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Fields of Color - The Theory that Escaped Einstein
https://www.booktalk.org/fields-of-color-the-theory-that-escaped-einstein-t30179.html
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Author:  QF_Theory [ Thu Jul 18, 2019 9:58 am ]
Post subject:  Fields of Color - The Theory that Escaped Einstein

Fields of Color explains Quantum Field Theory to a lay audience without equations. It shows how this overlooked and misunderstood theory resolves the weirdness of Quantum Mechanics and the paradoxes of Relativity.
https://smile.amazon.com/Fields-Color-t ... 473179768/
Reviews are welcome - thank you! :thanks2:

Some reviews from Amazon:
I now realize that from all the popular books on physics that I have read or skimmed, and there have been many, I have learned nothing! But your book I remember very well, and not only that but I feel that I finally understand relativity intuitively, as much as I possibly can for a layman (and, in a way, perhaps better than many physicists). You really have something to say, and what you say sticks to the ribs when the book is gone. --Arthur Schwartz, M.D.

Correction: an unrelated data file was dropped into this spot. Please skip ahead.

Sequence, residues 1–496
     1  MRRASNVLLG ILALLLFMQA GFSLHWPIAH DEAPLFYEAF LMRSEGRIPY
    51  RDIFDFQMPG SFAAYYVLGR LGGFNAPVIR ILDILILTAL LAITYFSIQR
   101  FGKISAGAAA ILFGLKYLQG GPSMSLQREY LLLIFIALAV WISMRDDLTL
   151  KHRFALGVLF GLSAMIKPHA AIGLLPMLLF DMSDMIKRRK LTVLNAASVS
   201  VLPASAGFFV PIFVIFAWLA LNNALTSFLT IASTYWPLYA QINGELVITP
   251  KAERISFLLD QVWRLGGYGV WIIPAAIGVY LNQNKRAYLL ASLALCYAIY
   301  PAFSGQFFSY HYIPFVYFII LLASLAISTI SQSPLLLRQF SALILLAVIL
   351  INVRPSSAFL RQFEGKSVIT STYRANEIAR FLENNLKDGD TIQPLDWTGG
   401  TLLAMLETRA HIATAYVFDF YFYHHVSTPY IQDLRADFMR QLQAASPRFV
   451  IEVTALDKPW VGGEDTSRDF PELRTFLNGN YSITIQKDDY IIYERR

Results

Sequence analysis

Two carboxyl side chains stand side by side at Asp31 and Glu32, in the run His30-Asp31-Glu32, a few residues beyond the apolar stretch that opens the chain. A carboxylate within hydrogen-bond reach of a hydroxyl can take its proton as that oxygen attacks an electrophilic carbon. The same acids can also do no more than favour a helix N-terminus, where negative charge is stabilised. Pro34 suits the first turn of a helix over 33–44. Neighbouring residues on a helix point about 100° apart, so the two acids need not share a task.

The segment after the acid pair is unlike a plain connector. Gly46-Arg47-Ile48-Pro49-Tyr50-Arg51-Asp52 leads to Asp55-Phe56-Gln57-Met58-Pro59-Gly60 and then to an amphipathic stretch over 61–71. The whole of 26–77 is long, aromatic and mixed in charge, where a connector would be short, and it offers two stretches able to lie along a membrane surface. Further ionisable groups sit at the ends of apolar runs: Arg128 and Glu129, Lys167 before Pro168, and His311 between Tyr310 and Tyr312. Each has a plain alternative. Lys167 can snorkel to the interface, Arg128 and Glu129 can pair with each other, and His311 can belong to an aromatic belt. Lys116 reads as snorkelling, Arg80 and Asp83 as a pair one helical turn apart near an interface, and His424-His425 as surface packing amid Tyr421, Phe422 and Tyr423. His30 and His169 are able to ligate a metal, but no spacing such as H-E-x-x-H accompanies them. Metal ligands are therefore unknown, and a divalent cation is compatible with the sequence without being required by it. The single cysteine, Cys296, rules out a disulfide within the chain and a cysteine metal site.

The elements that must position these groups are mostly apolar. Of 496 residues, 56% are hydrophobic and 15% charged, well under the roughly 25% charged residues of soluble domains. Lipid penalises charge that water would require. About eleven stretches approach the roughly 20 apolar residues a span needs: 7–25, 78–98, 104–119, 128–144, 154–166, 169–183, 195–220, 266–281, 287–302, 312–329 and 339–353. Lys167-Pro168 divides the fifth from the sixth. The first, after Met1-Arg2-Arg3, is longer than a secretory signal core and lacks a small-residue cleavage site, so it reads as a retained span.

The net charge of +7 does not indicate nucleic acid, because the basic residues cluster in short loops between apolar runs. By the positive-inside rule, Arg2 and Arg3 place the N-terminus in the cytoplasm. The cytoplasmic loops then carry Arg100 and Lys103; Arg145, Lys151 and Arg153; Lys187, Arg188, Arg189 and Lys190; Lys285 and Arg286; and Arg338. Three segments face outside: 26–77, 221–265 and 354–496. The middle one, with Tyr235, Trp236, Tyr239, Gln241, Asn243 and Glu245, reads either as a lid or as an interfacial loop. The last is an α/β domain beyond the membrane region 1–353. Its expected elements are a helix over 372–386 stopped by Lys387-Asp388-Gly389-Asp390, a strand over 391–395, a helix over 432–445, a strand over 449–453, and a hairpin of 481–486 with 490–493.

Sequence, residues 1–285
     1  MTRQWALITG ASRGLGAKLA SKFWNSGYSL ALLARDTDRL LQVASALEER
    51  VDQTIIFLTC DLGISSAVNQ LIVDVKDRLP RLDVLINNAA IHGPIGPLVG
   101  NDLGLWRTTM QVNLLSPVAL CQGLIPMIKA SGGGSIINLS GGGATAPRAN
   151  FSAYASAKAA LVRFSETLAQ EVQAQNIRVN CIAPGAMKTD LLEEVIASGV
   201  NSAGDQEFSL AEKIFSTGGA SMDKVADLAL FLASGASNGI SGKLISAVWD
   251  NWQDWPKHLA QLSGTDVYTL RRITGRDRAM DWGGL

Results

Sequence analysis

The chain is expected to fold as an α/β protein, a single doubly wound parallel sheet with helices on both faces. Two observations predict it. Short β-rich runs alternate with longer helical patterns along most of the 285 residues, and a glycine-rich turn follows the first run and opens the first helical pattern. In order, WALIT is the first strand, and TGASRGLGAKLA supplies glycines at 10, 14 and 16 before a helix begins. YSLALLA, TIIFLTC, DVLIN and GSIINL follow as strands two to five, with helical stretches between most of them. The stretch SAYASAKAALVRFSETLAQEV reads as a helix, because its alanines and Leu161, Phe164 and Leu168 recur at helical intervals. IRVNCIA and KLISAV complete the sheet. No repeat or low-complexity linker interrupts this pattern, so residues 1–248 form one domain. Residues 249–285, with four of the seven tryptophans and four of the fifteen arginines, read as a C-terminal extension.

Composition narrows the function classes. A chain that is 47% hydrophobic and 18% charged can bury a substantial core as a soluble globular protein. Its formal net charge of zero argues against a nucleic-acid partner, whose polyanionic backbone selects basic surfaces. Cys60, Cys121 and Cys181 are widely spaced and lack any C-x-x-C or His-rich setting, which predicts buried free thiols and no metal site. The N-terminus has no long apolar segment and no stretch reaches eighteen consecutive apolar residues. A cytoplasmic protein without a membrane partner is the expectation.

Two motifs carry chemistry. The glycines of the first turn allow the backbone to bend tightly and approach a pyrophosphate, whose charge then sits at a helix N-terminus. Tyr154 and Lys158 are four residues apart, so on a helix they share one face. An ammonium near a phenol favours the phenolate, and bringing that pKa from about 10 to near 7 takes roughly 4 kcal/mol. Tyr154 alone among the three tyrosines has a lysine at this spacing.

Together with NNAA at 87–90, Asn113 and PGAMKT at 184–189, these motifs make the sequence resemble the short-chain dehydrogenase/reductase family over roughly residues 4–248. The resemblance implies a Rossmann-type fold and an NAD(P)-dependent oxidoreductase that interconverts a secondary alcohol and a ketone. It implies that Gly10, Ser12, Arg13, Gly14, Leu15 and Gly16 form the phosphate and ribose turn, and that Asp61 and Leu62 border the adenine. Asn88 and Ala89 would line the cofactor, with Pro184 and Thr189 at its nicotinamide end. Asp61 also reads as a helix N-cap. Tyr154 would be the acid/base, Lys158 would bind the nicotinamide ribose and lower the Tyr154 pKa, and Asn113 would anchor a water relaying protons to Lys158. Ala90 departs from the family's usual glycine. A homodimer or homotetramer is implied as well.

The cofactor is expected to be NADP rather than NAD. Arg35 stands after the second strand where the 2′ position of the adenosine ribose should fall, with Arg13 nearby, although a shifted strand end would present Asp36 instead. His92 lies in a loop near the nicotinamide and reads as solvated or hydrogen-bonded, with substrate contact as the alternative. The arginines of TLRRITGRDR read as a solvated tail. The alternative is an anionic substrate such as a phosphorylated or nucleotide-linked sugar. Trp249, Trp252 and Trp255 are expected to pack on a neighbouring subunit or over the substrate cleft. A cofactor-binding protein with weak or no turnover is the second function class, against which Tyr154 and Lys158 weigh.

Although many books have been written about the interpretation of quantum physics, Rodney Brooks has written a book that finally gets it entirely right... Brooks presents the news about quantum field theory in a non-technical but accurate manner that will enlighten both the general public and the professional scientists. His explanatory technique of using different colors to represent different fields is a stroke of pedagogical genius. Anybody who wants to understand quantum physics should read this book. --Art Hobson, Ph.D., 2006 Milllikan Award winner and author of "Physics: Concepts and Connections"

Applying Quantum Field Theory [to wave-particle duality] is shown to cause the 'paradox' to disappear. Further, Brooks' attack on Special Relativity based on the behavior of fields presents the reader with a more easily understandable picture... Despite the fact that Dr. Brooks has essentially rejected the use of mathematics throughout, there is plenty here for specialist and interested reader to ponder. --Edward Finn, Ph.D., past Chairman of Physics at Georgetown University and co-author of the textbook "Physics"

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